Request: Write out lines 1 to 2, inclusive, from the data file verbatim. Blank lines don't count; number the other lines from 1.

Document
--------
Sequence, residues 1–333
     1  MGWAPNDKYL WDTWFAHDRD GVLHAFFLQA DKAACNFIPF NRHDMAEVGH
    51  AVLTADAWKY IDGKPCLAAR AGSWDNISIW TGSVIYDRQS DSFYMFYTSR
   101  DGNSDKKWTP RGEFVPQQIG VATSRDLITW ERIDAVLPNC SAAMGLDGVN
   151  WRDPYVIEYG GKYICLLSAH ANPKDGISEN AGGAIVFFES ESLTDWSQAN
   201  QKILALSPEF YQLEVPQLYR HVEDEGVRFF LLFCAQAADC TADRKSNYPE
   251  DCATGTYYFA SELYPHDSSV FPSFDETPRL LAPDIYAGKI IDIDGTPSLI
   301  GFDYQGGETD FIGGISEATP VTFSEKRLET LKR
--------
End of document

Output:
Sequence, residues 1–333
     1  MGWAPNDKYL WDTWFAHDRD GVLHAFFLQA DKAACNFIPF NRHDMAEVGH